Chimeric antigen T-cell therapy (CAR-T) is an important new approach to battling blood cancer, and while it's too soon to say what company will develop an approved treatment first, Celgene (NASDAQ: CELG) has a good shot at coming out on top. In January, it announced it's buying Juno Therapeutics (NASDAQ: JUNO) for $9 billion to gain 100% of the rights to its CAR-T program. In December, Celgene's research partner bluebird bio (NASDAQ: BLUE) unveiled remarkable results for its CAR-T in treating multiple myeloma. Can these drugs make Celgene the king of CAR-T?
Cashing in on collaboration
Buying Juno Therapeutics gives Celgene full control over JCAR017, a CAR-T for use in late-stage non-Hodgkin lymphoma (NHL) patients that the two companies had been developing together.
IMAGE SOURCE: GETTY IMAGES.
Similar to CAR-Ts already on the market from Gilead Sciences (NASDAQ: GILD) and Novartis (NYSE: NVS), JCAR017 seeks to supercharge a patient's immune system by re-engineering T-cells so that they can better spot and destroy cancer cells. What differentiates JCAR017 from Gilead Sciences' and Novartis' drugs, though, is that JCAR017's trial data suggests it may be safer than they are.
Gilead's Yescarta and Novartis' Kymriah CAR-T therapies have comparatively high rates of cytokine release syndrome (CRS) and neurotoxicity. Out of 91 patients given JCAR017, only one developed grade 3 or grade 4 CRS, and just 18% suffered from severe-grade neurotoxicity. For perspective, 13% of patients in Yescarta's trials had severe CRS, and 28% had a severe neurological event.
If JCAR017's safety data holds up in its pivotal trial, then Celgene has got a shot to outmaneuver Yescarta in NHL treatment. The final data from JCAR017's study is expected this year.
Celgene also has a big opportunity with bb2121, a CAR-T that it is developing in concert with Bluebird. Last summer, Bluebird stole the show at the American Society of Clinical Oncology conference by reporting bb2121 data showing a 100% response rate in multiple myeloma patients who had previously failed a median seven treatments.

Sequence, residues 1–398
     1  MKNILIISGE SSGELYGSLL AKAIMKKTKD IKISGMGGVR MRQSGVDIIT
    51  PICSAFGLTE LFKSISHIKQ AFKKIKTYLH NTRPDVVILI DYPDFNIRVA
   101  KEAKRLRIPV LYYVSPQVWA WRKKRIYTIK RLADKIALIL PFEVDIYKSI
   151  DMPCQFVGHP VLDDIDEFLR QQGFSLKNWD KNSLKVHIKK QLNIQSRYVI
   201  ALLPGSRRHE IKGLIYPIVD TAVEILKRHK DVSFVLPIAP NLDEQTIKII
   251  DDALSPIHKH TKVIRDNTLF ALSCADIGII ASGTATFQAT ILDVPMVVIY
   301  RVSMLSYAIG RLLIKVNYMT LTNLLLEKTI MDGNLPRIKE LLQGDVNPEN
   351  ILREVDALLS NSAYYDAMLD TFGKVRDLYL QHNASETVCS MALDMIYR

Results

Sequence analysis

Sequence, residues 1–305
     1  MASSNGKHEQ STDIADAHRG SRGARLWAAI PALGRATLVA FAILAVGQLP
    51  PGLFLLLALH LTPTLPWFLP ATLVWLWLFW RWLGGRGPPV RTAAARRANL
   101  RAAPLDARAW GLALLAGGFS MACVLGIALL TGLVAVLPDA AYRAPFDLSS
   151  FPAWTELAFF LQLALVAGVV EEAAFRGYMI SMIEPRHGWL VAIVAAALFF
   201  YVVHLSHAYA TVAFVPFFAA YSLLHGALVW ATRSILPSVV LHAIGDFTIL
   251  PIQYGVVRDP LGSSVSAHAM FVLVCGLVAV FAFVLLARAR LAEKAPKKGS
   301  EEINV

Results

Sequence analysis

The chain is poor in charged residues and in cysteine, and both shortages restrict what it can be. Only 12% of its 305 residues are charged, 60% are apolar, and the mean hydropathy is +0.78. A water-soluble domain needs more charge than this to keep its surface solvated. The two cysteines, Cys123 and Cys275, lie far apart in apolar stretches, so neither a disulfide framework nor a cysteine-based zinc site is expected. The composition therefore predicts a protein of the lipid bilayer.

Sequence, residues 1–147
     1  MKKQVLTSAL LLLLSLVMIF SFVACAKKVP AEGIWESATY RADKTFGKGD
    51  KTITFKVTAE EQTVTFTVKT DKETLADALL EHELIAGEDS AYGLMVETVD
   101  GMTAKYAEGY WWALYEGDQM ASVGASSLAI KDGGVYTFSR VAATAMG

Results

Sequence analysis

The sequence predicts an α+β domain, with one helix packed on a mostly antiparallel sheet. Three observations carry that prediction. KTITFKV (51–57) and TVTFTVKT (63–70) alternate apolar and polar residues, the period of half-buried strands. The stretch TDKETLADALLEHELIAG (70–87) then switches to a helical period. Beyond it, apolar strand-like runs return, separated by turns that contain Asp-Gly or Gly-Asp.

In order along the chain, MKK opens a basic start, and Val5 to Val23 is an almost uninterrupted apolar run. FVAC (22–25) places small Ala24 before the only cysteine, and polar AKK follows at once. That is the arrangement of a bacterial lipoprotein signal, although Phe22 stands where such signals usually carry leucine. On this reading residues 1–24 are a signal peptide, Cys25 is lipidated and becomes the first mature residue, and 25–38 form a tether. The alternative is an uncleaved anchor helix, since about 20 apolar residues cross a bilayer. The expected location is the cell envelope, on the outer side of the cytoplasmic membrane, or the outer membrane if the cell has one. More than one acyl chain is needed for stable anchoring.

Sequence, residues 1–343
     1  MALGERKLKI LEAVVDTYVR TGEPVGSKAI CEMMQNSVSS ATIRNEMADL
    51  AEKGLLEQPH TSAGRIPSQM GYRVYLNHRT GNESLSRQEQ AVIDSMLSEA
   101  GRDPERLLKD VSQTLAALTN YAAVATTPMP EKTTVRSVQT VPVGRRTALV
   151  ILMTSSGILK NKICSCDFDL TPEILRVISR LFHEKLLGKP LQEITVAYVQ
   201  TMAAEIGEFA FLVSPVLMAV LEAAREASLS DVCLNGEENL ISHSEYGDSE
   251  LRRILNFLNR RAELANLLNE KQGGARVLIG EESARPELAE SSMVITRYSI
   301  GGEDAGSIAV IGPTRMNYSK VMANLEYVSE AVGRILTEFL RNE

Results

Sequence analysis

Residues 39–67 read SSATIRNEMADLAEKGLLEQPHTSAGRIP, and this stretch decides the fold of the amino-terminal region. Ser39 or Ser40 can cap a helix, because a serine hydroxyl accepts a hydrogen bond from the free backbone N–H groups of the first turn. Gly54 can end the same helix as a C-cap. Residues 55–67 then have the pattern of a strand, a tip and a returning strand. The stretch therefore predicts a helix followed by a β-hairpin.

In December, Bluebird updated its results, and while the response rate slipped slightly, it was still 94%. That's remarkable for such a heavily pretreated patient group -- and if data continues to be this strong, then bb2121 could quickly become a blockbuster drug as the go-to treatment for a fourth-line or higher setting.
JCAR017 and bb2121 target indications with poor prognosis and limited treatment options, which suggests these drugs could win accelerated approval and reach the market as early as 2019.
If so, then I expect that Celgene will have considerable success commercializing them. Celgene already markets some of the most widely used cancer drugs, including the $8 billion-plus-per-year multiple myeloma drug Revlimid. That means it likely has the relationships necessary to quickly win support for these newer drugs.
If so, Celgene will pocket the entirely of any profit associated with JCAR017. In the case of bb2121, however, it will have to share its profit with Bluebird. According to their collaboration agreement, Celgene could pay up to $230 million in milestones to Bluebird, plus 50% of bb2121's profit, assuming Bluebird exercises its co-commercialization option.
Admittedly, there's no guarantee that the final data will be as good for these drugs as what we've seen so far, but I think the odds favor it. If I'm right, then Celgene could be the best way for people to invest in CAR-T.
More From The Motley Fool
- 3 Growth Stocks at Deep-Value Prices
- 5 Expected Social Security Changes in 2018
- 6 Years Later, 6 Charts That Show How Far Apple, Inc. Has Come Since Steve Jobs' Passing
- 10 Best Stocks to Buy Today
- The $16,122 Social Security Bonus You Cannot Afford to Miss
- Bitcoin's Biggest Competitor Isn't Ethereum -- It's This
Todd Campbell owns shares of Celgene and Gilead Sciences. His clients may have positions in the companies mentioned. The Motley Fool owns shares of and recommends Bluebird Bio, Celgene, and Gilead Sciences. The Motley Fool has a disclosure policy.